• G.R. No. 136779 September 7, 2001 - PEOPLE OF THE PHIL. v. ARNEL ASUNCION

  • G.R. No. 142065 September 7, 2001 - LENIDO LUMANOG v. HON. JAIME N. SALAZAR

  • G.R. No. 142875 September 7, 2001 - EDGAR AGUSTILO v. COURT OF APPEALS, ET AL.

  • G.R. No. 144877 September 7, 2001 - DEVELOPMENT BANK OF THE PHIL. v. VERONICA AGUIRRE, ET AL.

  • A.M. No. P-01-1506 September 10, 2001 - GEORGE S. BICBIC v. DHALIA E. BORROMEO

  • G.R. Nos. 104769 & 135016 September 10, 2001 - AFP MUTUAL BENEFIT ASSO. v. COURT OF APPEALS, ET AL.

  • G.R. No. 118943 September 10, 2001 - MARIO HORNALES v. NLRC, ET AL.

  • G.R. No. 130362 September 10, 2001 - INT’L FLAVORS & FRAGRANCES (PHIL.) v. MERLIN J. ARGOS, ET AL.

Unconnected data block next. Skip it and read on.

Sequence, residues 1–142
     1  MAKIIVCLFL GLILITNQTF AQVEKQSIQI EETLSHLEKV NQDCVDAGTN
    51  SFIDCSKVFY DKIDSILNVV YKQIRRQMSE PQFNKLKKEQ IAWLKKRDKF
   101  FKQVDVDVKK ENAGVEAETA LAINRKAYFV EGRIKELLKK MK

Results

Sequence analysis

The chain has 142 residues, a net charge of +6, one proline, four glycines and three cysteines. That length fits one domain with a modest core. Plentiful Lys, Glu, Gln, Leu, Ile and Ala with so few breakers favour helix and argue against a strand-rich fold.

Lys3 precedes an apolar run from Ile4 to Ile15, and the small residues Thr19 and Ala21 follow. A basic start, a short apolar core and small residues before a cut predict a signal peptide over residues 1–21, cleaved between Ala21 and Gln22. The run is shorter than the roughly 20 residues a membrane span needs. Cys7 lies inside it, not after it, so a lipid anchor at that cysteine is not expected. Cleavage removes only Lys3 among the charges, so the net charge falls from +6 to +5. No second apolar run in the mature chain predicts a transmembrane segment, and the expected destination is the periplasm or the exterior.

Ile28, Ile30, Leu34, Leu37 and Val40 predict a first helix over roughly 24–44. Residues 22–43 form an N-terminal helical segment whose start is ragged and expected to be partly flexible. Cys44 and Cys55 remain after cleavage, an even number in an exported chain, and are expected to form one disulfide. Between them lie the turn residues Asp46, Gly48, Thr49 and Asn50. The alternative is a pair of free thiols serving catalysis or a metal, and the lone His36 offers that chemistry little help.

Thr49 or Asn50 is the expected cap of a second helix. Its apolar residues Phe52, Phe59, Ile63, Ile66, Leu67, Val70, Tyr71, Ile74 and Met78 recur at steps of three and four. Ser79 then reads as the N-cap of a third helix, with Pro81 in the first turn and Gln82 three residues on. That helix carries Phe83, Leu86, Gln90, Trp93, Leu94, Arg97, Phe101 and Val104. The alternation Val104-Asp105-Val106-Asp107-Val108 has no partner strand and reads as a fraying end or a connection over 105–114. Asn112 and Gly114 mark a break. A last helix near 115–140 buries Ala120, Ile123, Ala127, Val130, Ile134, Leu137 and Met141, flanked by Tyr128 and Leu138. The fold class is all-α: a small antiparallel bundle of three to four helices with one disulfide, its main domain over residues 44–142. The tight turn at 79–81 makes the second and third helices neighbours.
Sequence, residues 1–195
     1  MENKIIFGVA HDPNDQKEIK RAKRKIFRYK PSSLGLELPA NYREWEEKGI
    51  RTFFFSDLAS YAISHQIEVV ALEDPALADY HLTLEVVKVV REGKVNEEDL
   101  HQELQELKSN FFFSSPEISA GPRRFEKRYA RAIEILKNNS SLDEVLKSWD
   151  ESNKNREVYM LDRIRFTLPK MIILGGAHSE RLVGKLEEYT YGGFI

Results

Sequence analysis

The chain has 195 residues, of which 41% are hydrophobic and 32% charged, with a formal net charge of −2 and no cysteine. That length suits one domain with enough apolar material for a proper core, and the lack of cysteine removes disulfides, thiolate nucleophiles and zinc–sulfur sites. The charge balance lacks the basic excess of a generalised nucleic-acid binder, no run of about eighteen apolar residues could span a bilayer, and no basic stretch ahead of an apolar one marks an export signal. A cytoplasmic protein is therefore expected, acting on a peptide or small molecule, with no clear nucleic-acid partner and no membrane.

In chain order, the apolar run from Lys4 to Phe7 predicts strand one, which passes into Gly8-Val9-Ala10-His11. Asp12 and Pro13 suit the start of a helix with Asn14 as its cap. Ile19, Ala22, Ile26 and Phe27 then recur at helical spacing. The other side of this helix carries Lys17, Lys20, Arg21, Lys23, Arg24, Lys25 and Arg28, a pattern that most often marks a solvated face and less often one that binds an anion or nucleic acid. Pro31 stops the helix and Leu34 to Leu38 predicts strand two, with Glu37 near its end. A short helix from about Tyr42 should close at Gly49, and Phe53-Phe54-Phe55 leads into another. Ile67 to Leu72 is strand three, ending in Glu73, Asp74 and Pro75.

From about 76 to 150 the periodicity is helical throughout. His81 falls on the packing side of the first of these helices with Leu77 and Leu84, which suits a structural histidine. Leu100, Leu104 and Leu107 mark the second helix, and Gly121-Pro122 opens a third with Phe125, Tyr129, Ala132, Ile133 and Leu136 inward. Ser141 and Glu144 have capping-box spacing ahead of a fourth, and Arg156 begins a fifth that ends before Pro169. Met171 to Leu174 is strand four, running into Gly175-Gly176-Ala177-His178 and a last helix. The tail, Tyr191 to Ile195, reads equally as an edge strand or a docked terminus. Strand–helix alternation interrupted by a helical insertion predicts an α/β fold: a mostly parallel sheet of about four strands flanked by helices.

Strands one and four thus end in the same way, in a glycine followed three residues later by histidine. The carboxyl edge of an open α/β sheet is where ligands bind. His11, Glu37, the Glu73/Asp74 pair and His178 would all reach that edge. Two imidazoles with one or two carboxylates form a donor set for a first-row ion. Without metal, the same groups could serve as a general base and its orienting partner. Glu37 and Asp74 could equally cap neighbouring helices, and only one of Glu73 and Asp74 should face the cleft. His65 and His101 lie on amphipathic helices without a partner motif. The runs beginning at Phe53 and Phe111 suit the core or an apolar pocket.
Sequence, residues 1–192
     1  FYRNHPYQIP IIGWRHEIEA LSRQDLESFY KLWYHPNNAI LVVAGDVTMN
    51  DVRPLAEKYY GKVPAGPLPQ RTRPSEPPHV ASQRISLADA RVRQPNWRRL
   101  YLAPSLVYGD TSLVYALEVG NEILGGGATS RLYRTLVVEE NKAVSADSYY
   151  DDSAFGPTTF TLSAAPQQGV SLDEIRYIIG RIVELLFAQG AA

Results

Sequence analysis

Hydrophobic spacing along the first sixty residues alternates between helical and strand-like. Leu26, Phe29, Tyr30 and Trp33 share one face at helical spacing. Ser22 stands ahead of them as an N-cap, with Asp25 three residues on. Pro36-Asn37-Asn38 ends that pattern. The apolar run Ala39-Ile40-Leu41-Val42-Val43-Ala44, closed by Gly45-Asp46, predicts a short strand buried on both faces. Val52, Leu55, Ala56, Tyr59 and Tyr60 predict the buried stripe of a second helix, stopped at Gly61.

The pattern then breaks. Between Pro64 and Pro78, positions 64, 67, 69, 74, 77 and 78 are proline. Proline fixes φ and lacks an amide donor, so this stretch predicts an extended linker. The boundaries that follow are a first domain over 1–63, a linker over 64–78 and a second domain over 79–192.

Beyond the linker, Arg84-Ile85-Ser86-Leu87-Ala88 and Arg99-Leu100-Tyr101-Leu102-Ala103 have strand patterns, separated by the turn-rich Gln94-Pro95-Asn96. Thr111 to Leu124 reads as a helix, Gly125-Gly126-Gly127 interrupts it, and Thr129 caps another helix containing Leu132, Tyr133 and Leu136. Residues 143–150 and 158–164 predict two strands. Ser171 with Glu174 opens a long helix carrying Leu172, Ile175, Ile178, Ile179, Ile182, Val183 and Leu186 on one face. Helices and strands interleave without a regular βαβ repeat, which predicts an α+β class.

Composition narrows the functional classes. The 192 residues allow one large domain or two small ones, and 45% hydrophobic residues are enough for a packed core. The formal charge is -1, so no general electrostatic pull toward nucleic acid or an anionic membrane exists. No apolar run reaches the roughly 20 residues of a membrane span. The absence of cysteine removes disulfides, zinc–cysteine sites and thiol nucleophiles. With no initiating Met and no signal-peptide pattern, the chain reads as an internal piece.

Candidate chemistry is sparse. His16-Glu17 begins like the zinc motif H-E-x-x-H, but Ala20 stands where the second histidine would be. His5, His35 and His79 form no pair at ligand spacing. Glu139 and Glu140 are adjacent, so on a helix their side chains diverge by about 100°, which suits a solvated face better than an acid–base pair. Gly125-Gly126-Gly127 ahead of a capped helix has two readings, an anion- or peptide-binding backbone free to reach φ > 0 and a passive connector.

• G.R. No. 138485 September 10, 2001 - DR. v. COMMISSIONER OF INTERNAL REVENUE

  • G.R. No. 141970 September 10, 2001 - METROPOLITAN BANK v. FLORO T. ALEJO

  • G.R. No. 145588 September 10, 2001 - ESPERIDION LOPEZ, ET AL. v. COURT OF APPEALS, ET AL.

  • G.R. No. 140398 September 11, 2001 - FRANCISCO DELA MERCED, ET AL. v. GSIS, ET AL.

  • G.R. No. 121877 September 12, 2001 - PEOPLE OF THE PHIL v. ERLINDA GONZALES

  • G.R. Nos. 138431-36 September 12, 2001 - PEOPLE OF THE PHIL. v. DIOSCORA M. ARABIA, ET AL.

  • G.R. No. 140903 September 12, 2001 - HENRY SY v. COMMISSION ON SETTLEMENT OF LAND PROBLEMS, ET AL.

  • A.M. No. 00-1-4-03-SC September 13, 2001 - RE: REQUEST FOR LIVE RADIO-TV COVERAGE OF THE TRIAL IN THE SANDIGANBAYAN OF THE PLUNDER CASES AGAINST FORMER PRESIDENT JOSEPH E. ESTRADA v. JOSEPH E. ESTRADA and INTEGRATED BAR OF THE PHILIPPINES

  • A.M. No. 00-4-188-RTC September 13, 2001 - REQUEST OF MR. OSCAR T. LLAMAS FOR RE-ASSIGNMENT OSCAR T. LLAMAS v. EMMANUEL LACANDOLA AND ET. AL.